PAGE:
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February 18, 2016

You’re Not Crazy: South is Better Than Bartlett

There is a notion haunting University of Chicago dining. One that many people understand and express vehemently at the slightest opportunity. But the evidence is hard to put into exact terms so that the argument is irrefutable; thus the debate rages on. The idea: Arley D. Cathey Dining Commons is better than Bartlett Dining Commons.

Dining authorities will adamantly deny this, of course. When the question is put to them at Inter-House Council or Bartlett Dining Committee meetings, they dismiss it out of hand as the fiction of “grass is always greener”-minded students. Some people I talked to, and I didn’t want to believe it either, not wanting to denigrate our “home” dining hall. Still the idea spreads, whispered, hidden, but widely believed, nurtured by the incontrovertible evidence.

There are, of course, superficial differences between the two dining commons that everybody seizes on immediately—the frozen yogurt machine at Cathey strangely absent at Bartlett, or the difference in seating organization. Cathey has a couple of separated smaller dining areas, while Bartlett puts everyone in one giant, undivided old gym.

What you may not detect are the small discrepancies, things that I didn’t even realize until I started asking around. Cathey has better carrot sticks, one person told me; and a panini press; and deep dish pizza; Chex instead of Cheerios for gluten-free cereal; more sauce options for pasta; a better flow around the salad bar; cleaner silverware. Two people separately told me that Bartlett is dimly lit, which makes the cave-like dining experience miserable.

Some of these differences, like the layout of the building, obviously can’t be ameliorated without expenditures and from closing the dining commons for a period of time. But if you eat at both locations often—as I do—you notice differences that seem to boggle the mind. You are eventually faced with a stupefying conclusion: food at Cathey is just cooked better.

Bartlett seems incapable of cooking meat to anything short of the texture of bark chips—be it pork loin, chicken breasts, or pot roast. Chicken in particular is a misadventure at Bartlett: not a day goes by without confronting some kind of dry chicken breast in a vague, menacing sauce. Brussel sprouts—a staple of both dining commons—are crispy and caramelized at Cathey yet mushy and tasteless at Bartlett. Squash is soggy at Bartlett and tender at South. I have had so many ladles of Bartlett “beef stew” that turned out to be just potatoes and carrots that I’ve given up on the stew genre all together. No such problem at Cathey.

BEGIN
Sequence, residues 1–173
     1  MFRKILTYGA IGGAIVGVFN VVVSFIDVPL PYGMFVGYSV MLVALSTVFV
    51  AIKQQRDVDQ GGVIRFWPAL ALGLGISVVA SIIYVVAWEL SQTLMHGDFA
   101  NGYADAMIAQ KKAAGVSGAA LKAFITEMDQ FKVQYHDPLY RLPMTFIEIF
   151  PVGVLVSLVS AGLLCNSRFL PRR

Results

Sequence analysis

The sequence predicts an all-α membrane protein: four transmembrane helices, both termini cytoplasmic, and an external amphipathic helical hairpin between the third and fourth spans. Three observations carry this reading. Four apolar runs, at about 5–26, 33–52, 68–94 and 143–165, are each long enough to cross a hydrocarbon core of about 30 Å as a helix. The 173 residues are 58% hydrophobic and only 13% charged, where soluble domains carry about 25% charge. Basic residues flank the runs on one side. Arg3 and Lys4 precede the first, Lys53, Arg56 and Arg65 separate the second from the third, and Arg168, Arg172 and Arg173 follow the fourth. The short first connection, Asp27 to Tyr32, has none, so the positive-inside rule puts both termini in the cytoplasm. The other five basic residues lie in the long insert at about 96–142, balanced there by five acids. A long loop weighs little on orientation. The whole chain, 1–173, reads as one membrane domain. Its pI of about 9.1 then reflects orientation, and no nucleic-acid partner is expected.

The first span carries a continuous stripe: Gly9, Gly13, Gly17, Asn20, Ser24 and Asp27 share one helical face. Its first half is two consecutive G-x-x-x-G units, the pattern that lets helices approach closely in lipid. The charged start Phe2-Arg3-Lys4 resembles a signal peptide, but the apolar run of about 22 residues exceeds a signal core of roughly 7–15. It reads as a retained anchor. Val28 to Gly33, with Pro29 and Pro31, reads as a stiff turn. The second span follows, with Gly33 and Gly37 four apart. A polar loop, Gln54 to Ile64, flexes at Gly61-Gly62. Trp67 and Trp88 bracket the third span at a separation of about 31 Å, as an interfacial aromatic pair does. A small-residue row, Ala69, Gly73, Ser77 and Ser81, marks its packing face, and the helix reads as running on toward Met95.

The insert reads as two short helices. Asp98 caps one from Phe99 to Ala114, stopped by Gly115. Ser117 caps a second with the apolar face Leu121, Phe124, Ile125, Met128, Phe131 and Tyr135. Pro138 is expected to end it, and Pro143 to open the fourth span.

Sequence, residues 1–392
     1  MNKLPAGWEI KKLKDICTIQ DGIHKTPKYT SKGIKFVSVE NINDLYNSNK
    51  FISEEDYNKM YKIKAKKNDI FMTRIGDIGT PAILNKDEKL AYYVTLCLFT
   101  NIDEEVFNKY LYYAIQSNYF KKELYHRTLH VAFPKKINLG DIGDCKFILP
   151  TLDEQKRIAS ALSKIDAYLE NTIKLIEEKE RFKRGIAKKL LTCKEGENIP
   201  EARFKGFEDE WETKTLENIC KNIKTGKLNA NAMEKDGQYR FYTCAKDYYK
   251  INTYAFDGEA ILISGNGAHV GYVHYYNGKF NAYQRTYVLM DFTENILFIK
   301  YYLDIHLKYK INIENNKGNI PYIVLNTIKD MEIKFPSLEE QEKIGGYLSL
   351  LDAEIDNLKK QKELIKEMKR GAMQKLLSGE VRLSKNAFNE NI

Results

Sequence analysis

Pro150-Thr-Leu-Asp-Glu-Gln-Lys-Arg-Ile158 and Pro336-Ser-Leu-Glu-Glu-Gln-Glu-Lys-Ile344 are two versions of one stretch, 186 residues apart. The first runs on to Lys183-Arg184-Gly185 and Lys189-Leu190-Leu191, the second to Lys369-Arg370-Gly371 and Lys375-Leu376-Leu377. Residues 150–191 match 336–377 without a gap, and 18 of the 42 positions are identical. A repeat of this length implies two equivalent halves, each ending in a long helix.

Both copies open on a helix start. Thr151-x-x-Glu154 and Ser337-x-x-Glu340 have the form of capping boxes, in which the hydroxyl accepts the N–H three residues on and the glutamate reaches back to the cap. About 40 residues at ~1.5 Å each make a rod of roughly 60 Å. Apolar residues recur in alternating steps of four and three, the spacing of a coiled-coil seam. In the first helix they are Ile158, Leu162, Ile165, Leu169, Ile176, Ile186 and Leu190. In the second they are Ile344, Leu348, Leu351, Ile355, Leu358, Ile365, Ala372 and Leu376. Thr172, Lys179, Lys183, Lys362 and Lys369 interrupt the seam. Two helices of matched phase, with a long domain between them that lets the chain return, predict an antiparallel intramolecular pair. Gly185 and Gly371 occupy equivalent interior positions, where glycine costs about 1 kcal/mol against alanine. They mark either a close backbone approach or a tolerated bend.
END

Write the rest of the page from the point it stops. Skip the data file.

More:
Even employees of UChicago Dining seem to know the score. I asked a woman working at Bartlett which dining commons people prefer working at. While she herself only ever works at Bartlett, she replied flatly, “South. That’s just what everybody says.” She pointed me toward a “temp,” who had worked at both locations. He preferred to work at Bartlett because the “student–staff interactions are more friendly” and South is more “organized” and “serious.” However, he pointed out that the Bartlett salad bar was depleted and disorganized, explaining that Bartlett is more popular, so the staff is more likely to get behind schedule and rush. Nonetheless, he preferred Bartlett’s atmosphere to Cathey’s coldness.

One student had a different opinion about the atmosphere at Bartlett versus Cathey. “I think the employees are happier at South, which makes the food better.” I, for one, agree with this assessment. I doubt that employees of both dining commons are ever thrilled to see my greasy-haired, shambling mass coming over for more beef stroganoff, but Cathey employees certainly seem better at disguising it. And that improves the dining experience for me.

I don’t deny that there are certain things that Bartlett does better. The Kosher station is generally superior, and there is usually a wider selection of cookies, for instance. Still though, most of the Bartlett defenses that I heard were based in sentimentality for house tables and familiar faces rather than a particular affection for the food. This used to be my condition, when I was young and loved the camaraderie of my house. But after three-and-a-half years, my tolerance for Bartlett is slipping away bit by bit. I find myself neglecting my house table and looking for excuses to go to Cathey for lunch or dinner, and for reasons more substantial than just fro-yo.

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